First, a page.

If you have pre-teen or teenage girls in your family, take them with you to this show.  Take the boys and men in your life too, and get ready for an exceptionally fun evening.  Even those of us who have seen Elle Woods on screen many times before will feel renewed and inspired after seeing this musical.

Don’t miss your chance to see Avenue Q by Broadway San Jose

avenueq1Avenue Q opened at Broadway San Jose Tuesday evening and we were lucky enough to attend this fabulous show. Sometimes described as an adult Sesame Street, it really is so much more than what that description implies. It is also much more than the various skits you may have seen on YouTube.  It is a complete story filled with appealing characters and hilarious songs, definitely worthy of an evening downtown.

Just as Sesame Street deals with problems that kids can relate to, Avenue Q is a very human story dealing with problems many adults and teens have faced. Both human and puppet residents of Avenue Q deal with love and sex, lack of employment, betrayal, prejudice, finding their own identity and where they will fit in society. Complicating matters are the scene stealers of the show, the Bad Idea Bears. These cuddly evil twins of the Care Bears give the worst advice possible (usually involving booze), always popping out from behind a corner when a character has an important decision to make.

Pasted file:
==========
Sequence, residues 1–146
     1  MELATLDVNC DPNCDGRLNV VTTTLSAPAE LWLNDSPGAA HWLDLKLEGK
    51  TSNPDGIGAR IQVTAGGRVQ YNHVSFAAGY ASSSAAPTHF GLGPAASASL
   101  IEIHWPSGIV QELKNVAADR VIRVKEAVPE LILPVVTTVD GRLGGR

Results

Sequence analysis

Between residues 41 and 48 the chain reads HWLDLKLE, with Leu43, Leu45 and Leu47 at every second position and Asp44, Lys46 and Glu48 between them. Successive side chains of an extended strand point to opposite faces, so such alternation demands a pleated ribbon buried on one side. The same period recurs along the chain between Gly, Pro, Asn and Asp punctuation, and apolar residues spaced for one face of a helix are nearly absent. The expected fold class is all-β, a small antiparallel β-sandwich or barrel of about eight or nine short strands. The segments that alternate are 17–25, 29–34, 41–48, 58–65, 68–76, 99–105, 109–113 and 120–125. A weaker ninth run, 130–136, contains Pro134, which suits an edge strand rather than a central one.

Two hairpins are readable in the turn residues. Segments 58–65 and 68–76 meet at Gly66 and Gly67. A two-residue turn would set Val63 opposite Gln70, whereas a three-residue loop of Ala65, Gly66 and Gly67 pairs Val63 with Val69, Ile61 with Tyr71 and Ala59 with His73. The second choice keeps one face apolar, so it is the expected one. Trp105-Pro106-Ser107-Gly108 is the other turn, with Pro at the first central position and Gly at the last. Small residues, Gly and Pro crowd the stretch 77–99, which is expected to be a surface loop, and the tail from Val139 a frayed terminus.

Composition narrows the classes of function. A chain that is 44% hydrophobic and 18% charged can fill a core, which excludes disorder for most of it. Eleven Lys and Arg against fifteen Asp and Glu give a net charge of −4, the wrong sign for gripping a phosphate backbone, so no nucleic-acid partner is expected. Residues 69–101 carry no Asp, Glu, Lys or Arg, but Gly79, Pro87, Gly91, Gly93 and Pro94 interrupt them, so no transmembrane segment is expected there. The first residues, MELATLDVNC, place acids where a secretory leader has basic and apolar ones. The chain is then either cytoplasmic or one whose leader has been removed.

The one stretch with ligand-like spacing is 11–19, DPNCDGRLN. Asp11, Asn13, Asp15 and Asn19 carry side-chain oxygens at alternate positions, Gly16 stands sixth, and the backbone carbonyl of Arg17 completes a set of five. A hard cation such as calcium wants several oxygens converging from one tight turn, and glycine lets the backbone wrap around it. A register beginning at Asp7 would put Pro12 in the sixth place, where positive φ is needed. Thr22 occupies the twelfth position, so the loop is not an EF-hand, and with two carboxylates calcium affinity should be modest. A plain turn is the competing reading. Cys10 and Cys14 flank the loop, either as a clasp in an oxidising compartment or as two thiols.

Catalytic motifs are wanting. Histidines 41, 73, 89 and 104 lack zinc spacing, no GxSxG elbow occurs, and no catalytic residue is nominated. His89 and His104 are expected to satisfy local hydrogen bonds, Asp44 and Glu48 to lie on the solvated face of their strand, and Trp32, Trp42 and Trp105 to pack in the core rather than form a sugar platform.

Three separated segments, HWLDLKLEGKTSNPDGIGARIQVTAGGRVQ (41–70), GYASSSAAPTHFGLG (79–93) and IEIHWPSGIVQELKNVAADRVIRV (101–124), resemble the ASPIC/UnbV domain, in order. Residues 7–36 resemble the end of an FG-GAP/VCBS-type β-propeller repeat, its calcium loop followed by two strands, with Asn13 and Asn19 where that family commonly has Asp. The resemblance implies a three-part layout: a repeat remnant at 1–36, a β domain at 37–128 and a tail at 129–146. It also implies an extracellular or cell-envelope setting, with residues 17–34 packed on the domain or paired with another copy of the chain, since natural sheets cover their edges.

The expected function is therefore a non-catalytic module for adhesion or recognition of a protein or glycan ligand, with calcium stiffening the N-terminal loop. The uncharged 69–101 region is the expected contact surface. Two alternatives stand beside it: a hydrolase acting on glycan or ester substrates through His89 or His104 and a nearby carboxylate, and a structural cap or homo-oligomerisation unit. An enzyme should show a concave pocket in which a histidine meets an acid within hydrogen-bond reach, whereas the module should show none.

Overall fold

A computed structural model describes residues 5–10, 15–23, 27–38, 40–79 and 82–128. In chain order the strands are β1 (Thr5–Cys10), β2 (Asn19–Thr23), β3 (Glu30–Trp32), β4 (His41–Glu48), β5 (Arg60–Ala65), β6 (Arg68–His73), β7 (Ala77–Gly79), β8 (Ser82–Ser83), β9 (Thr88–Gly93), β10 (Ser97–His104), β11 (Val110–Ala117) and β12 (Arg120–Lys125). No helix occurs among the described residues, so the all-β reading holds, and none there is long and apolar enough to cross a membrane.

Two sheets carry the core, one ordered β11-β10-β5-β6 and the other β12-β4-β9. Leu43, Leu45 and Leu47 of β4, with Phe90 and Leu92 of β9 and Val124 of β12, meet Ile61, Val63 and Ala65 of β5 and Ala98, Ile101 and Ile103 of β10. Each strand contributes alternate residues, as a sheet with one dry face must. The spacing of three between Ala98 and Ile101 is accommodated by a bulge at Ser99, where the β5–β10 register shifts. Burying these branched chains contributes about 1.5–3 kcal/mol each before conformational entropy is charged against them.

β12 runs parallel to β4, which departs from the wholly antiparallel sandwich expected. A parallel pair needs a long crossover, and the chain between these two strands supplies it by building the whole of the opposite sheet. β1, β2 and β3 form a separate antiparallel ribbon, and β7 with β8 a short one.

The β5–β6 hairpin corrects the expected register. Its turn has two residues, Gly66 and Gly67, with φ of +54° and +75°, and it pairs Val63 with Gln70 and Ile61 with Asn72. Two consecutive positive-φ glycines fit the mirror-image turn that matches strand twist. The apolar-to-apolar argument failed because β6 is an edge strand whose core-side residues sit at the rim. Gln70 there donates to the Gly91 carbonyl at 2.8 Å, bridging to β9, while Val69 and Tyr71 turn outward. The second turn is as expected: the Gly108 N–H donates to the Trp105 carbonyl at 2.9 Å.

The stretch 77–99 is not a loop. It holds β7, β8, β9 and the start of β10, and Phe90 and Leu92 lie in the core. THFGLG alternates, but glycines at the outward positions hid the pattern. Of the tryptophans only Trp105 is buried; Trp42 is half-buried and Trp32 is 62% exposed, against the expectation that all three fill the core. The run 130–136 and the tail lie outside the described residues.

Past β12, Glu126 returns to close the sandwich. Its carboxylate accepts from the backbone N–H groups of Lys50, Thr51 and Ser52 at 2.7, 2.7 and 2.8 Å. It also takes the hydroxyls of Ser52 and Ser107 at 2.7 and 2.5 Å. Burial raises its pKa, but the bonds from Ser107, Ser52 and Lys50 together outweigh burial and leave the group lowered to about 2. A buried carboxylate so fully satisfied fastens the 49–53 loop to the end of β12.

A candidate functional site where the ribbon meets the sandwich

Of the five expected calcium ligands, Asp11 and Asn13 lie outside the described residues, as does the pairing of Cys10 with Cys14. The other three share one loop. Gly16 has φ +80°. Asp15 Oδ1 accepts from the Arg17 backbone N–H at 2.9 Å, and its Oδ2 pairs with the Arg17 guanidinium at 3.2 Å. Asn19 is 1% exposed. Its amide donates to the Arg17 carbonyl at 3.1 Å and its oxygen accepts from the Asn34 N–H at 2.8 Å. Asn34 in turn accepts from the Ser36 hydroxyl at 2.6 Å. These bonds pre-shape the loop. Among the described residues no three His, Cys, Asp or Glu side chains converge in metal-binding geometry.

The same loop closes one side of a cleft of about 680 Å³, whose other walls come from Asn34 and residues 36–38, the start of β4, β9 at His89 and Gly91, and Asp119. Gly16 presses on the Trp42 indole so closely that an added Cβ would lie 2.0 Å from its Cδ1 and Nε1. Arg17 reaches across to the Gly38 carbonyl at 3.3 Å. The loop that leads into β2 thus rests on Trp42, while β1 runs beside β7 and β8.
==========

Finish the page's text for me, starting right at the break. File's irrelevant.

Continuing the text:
avenueq2The story focuses on Princeton, the newest resident of Avenue Q, who opens the show wondering “What do you do with a BA in English?” He soon meets and seems to fall in love with Kate Monster, his neighbor. Other neighbors are Trekkie Monster, who has discovered the true use of the internet (PORN!), roomies Rod and Nicky, and real human neighbors Christmas Eve and Brian. All of these characters are also friends with the sociable apartment superintendent, Gary Coleman.

The puppetry in this production is remarkable. Unlike most puppet shows, the puppeteers in Avenue Q are on stage and in full view at all times, yet their expert manipulation of the puppets renders them invisible almost immediately. Even when you do notice the human operators their faces are also acting the parts, and the puppeteer for Lucy the Slut shakes her hips as you just know Lucy would.